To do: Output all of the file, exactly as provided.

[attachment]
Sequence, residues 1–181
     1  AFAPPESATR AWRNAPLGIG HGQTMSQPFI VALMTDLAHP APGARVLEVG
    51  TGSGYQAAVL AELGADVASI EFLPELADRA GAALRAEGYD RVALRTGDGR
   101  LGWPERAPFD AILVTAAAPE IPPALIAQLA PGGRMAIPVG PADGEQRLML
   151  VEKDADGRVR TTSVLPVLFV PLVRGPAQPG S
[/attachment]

Sequence, residues 1–181
     1  AFAPPESATR AWRNAPLGIG HGQTMSQPFI VALMTDLAHP APGARVLEVG
    51  TGSGYQAAVL AELGADVASI EFLPELADRA GAALRAEGYD RVALRTGDGR
   101  LGWPERAPFD AILVTAAAPE IPPALIAQLA PGGRMAIPVG PADGEQRLML
   151  VEKDADGRVR TTSVLPVLFV PLVRGPAQPG S